CAN ROBOTS ACHIEVE CONSCIOUSNESS?
Not the right question, some synapses whisper. Those synapses are someone, or maybe somewhere, else. They speak from a distance. They must not be “I”. It’s 2016, though, and popular neuroscience says the whisper is part of me. Synapses connect, their links based on past experiences. This current of mental associations, they are me, but not I. “Me” flows in a subterranean tide. “I” floats above, weighing probabilities, choosing optimal paths. Daniel Kahneman, founder of behavioral econ, warns us to stay in our boats. To him, we can’t rely on the hidden current. It’s the stuff that witch trials are made of. I get it. Who wants witch trials?
Buddhists say be the river, not the boat. The river is not just inside us but also all around us. Connected. The boat is the self, alone. The self is the root of all suffering. If robots have selves, will they suffer? I hope so. Why should we be the ones stuck with all the anxiety?
Dr. Stuart Grauer is an education pioneer, an explorer of small scale networks (aka schools). He argues we indulge ourselves, or rather our self, in education. Our self operates on objectives, on probabilities, and so it automatically craves certainty. Let’s set up an education system that powers the self, everyone says. We get a bunch of robots with little creativity or compassion.
Jeff Clune wants robots that have whispers. Maybe not quite like the hidden tide that is me, but near enough. Robots with creativity, adaptability and intuition. Teach our robots to have creativity; teach our children to ignore theirs. A small school and an AI lab, connected in dialog. Ah, the river.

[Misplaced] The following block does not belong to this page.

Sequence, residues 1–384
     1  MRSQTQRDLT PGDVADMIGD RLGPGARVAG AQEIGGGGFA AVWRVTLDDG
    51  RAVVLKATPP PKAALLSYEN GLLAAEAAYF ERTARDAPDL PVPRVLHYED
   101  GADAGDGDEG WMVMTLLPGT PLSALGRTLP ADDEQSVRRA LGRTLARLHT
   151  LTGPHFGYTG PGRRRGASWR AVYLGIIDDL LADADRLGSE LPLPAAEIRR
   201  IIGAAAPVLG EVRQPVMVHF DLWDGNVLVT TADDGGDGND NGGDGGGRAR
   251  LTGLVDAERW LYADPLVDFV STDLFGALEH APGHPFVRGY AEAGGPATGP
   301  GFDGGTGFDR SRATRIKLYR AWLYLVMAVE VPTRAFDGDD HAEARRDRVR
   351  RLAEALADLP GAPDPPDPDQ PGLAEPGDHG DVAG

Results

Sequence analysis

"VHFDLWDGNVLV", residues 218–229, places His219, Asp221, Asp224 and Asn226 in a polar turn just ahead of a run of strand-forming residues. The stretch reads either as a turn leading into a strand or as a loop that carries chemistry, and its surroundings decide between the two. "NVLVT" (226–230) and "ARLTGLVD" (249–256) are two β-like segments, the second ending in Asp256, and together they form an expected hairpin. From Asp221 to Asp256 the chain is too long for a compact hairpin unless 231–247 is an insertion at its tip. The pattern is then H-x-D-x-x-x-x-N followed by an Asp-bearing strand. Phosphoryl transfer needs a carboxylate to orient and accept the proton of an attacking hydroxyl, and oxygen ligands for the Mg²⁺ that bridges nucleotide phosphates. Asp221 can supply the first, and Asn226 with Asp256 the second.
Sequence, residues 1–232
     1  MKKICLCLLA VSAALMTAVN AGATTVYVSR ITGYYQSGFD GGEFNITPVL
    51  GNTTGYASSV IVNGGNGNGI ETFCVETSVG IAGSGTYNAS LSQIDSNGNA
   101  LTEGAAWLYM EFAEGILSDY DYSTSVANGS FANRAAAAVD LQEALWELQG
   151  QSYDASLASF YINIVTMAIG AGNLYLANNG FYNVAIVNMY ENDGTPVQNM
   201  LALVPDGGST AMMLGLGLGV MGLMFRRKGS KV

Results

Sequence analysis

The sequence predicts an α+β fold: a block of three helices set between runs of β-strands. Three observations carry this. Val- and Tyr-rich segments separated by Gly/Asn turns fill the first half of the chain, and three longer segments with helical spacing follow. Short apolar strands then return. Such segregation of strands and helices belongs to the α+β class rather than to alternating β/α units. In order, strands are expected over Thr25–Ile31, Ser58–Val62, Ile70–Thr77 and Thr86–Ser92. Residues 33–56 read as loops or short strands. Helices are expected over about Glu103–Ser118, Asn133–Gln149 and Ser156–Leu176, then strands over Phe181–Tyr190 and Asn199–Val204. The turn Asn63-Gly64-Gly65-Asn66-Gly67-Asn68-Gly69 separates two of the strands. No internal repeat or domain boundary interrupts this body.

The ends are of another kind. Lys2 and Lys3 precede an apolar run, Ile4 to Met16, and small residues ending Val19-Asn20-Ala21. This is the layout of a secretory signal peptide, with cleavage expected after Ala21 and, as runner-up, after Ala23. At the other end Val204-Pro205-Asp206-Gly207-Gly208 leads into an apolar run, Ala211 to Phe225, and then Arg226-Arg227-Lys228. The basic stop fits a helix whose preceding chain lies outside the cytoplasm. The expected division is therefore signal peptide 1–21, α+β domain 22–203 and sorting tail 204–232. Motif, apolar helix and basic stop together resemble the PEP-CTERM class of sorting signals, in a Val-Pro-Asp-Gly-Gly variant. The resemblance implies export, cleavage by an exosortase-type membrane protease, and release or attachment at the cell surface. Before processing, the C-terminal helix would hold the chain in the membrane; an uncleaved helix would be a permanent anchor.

We are no good at choosing mates. Why make a lifelong commitment based on a hunch? Robots can do much better. Manshu Agarwal heard a whisper: Not so fast. We’re a connected species. Our mates emerge from our social web, form part of it, give birth to other parts. Six degrees of separation, and so he decides to build an app for the Kevin Bacons in our lives: human matchmakers. They operate, these people, on whispered connections: John with Sally, Sam with Kate. All hunches, prone to error. Maybe believing that we can have perfection is the root of our problems, not its absence; happiness stems from connection to a broader web. We are, collectively the river, not a bunch of boats.
Anders Hoff makes art from algorithmic agents. Each branching line operates on a few rules: stay away from your neighbor, but not too far. They are starlings in flight across the page. Beauty emerges in patterns, patterns that follow nature’s dicta, and so connect the man-made with the broader river. Algorithms designed for emergence. Is this possible? You decide, because art is what is art to you.
Do robots have consciousness? I don’t really care. I care what happens to us when, Disneyland ride-like, we stay in the boat. I care whether robots will keep us there, safe and unconnected. The first human adaptation was not consciousness, it was sociability: the ability to join in networks. We long ago used our social natures to win the evolutionary race. Conscious robots are our way of running up the score. Except, maybe they will lead to us perishing instead, isolated in an algorithm-generated world of our own preferences. More Kardashians, more fails, more cat videos–until even the news is tailor made according to what we’ve already clicked. How much of the world will the algorithms allow us to see? What happens to the rest of it? This is the nature of nature: today’s adaptation leads to tomorrow’s cataclysm. The whisper says that, the one Khaneman wants us to ignore. Does he ever stop to zoom out, to see the bigger picture?
That is what we’re up to at D4E. A whisper of a new debate: it’s not whether robots have consciousness, it is whether we can keep them from messing with our subconscious and teach them to develop their own instead.